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China is one of the oldest civilizations in the world, boasting over four thousand years of history. Granted, many of those years were spent as a hotch-potch of numerous warring states rather than as a single unified country. But it would still be accurate to say that, despite this, it is still the history of one region, people, and culture.
The Four Main Periods of China – Broadly Speaking
China’s history can broadly be divided into four periods – Ancient China, Imperial China, Republic of China, and the People’s Republic of China. There is some debate on whether the country is entering a fifth era right now – but more on that later.
Regardless, the first two periods are definitely the longest in the country’s history. They span twelve distinct periods or dynasties, although some periods are shared by two or more warring dynasties. Keep in mind that we’ll be using Western chronology for simplicity’s sake.
Timeline of China’s History
The 5-century era between 2,100 BCE and 1,600 BCE is known as the Xia Dynasty period of Ancient China. During this time, the country’s capital changed between Luoyang, Dengfeng, and Zhengzhou. This is the first known period of China’s history even though technically there are no preserved records dating from this time.
The Shang Dynasty is the first period of China’s history with written records. With the capital at Anyang, this dynasty ruled for about 5 centuries – from 1,600 BCE to 1,046 BCE.
The Shang Dynasty was followed by the longest and one of most influential periods of Chinese history – the Zhou Dynasty. This was the period that oversaw the rise of Confucianism. It spanned eight centuries from 1,046 BCE to 221 BCE. The capitals of China at this time were first Xi’an and then Louyang.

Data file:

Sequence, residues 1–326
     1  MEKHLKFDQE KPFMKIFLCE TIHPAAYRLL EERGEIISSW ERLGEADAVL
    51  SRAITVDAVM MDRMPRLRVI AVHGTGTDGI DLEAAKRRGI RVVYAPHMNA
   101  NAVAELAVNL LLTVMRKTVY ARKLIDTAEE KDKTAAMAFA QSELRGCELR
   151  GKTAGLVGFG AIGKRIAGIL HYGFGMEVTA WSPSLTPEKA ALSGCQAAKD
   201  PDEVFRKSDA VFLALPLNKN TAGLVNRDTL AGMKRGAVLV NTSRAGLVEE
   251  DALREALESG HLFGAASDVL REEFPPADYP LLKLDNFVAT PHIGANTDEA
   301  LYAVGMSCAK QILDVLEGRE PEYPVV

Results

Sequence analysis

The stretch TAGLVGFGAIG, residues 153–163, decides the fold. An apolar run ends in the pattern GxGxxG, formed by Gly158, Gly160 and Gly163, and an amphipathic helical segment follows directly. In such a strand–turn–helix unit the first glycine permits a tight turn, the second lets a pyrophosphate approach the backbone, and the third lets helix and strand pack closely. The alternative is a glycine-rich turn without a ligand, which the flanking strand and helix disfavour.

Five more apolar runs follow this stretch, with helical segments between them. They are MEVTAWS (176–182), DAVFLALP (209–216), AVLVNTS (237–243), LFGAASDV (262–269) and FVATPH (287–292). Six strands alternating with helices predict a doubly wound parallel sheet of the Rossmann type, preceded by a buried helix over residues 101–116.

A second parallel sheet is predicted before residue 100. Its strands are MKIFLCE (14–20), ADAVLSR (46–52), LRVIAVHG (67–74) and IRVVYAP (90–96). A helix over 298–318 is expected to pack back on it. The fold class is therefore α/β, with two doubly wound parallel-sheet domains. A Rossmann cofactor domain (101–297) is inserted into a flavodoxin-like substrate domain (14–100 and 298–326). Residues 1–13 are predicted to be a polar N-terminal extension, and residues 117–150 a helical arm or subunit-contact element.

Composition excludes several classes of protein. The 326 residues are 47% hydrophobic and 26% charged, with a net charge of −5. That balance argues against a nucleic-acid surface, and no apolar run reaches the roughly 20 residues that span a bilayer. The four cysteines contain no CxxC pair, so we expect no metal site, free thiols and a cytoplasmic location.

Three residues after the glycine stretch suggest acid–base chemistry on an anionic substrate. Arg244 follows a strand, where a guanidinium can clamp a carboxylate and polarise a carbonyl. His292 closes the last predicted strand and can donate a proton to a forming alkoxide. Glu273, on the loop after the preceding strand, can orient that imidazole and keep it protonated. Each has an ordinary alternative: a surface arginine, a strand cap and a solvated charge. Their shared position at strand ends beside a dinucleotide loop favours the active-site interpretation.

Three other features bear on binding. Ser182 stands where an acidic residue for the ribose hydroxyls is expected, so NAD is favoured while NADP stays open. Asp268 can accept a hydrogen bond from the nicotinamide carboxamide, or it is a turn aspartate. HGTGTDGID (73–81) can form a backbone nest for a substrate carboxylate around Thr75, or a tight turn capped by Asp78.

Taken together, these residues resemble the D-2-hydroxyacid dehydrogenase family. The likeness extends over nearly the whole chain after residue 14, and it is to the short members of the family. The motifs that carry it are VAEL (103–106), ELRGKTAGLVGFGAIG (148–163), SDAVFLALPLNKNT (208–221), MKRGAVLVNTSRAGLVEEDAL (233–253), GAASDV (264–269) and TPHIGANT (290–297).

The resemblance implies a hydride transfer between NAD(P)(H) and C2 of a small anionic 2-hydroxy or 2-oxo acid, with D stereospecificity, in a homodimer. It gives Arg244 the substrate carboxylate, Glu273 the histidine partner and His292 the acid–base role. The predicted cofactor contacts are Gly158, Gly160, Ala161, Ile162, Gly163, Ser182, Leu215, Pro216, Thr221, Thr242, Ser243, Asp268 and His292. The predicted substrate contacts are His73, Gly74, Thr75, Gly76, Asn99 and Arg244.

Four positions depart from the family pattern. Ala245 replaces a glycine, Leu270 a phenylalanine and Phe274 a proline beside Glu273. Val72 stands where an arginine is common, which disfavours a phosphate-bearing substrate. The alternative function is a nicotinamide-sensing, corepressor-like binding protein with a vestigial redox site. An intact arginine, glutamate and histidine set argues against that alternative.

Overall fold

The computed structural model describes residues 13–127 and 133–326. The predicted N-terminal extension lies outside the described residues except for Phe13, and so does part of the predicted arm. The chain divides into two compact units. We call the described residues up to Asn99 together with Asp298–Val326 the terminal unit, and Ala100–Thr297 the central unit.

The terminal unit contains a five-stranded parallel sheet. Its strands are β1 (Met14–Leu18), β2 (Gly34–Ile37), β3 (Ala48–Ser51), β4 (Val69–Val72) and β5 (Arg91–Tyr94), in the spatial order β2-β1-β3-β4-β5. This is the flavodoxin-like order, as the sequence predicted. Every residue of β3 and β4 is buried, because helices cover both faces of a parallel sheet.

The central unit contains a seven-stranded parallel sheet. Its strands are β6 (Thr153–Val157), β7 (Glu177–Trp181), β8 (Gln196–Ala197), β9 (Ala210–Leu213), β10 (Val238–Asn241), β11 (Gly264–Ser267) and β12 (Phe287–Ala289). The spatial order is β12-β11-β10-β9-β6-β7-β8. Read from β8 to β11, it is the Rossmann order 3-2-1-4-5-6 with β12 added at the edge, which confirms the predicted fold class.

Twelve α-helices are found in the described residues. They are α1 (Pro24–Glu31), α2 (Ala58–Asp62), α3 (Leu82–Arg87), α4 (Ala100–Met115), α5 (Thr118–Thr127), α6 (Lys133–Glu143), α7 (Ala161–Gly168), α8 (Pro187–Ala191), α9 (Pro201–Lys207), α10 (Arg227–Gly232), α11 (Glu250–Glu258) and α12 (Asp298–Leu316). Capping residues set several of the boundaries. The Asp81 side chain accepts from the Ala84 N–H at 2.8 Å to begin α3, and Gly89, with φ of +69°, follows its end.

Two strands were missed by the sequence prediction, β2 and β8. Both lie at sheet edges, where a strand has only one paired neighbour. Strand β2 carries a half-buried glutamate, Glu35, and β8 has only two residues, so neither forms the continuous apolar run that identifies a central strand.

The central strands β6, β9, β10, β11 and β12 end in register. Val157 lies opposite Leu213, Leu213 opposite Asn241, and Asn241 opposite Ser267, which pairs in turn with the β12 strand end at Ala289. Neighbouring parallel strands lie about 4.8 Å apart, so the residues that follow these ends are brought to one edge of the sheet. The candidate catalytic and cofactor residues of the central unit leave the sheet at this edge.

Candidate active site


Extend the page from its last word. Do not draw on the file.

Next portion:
The succeeding Qin Dynasty couldn’t replicate the longevity of the Zhou dynasty and lasted for only 15 years until 206 BCE. However, it was the first dynasty to successfully unite all of China as one country under the same Emperor. During all previous dynasties, there were large regions of the land under differing dynasties, warring for power and territory with the dominant dynasty. Unsurprisingly, the Qin dynasty also marks the switch between the period of Ancient China to that of Imperial China.
After 206 BCE came the Han Dynasty, another famous period. The Han dynasty oversaw the turn of the millennium and continued on until 220 AD. This is roughly the same period as that of the Roman Empire. The Han dynasty oversaw much turmoil, but it was also a time that birthed an impressive amount of China’s mythology and art.
Wei and Jin Dynasties
Next came the period of the Northern and Southern Kingdoms, ruled by the Wei and Jin dynasties. This period of over 3 centuries going on from 220 AD to 581 AD saw numerous regime changes and near-constant conflict.
Sui and Tang Dynasty
From there followed the Sui Dynasty, which unified the Northern and Southern dynasties. It was the Sui that also brought back the rule of the ethnic Han over all of China. This period also oversaw the sinification (i.e., the process of bringing non-Chinese cultures under Chinese cultural influence) of nomadic tribes. The Sui ruled until 618 AD.